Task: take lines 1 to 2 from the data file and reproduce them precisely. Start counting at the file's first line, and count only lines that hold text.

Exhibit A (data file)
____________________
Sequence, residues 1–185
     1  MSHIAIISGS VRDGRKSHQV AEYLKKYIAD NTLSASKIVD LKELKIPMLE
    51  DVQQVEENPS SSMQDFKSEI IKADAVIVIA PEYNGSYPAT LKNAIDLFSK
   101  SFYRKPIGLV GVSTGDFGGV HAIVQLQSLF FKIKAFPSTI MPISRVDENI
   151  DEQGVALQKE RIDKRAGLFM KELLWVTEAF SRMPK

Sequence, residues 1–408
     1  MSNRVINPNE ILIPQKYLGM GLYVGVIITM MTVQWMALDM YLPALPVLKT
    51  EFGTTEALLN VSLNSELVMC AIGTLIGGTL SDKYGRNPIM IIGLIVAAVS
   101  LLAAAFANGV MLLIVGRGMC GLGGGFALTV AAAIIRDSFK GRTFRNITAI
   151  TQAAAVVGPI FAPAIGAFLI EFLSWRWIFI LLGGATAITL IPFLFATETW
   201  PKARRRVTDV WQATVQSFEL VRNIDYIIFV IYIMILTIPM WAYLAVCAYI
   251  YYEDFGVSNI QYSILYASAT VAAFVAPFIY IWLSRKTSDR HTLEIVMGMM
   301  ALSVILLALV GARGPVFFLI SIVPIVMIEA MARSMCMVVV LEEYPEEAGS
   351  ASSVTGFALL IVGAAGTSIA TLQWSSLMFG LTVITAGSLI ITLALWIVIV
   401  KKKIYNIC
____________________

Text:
Sequence, residues 1–185
     1  MSHIAIISGS VRDGRKSHQV AEYLKKYIAD NTLSASKIVD LKELKIPMLE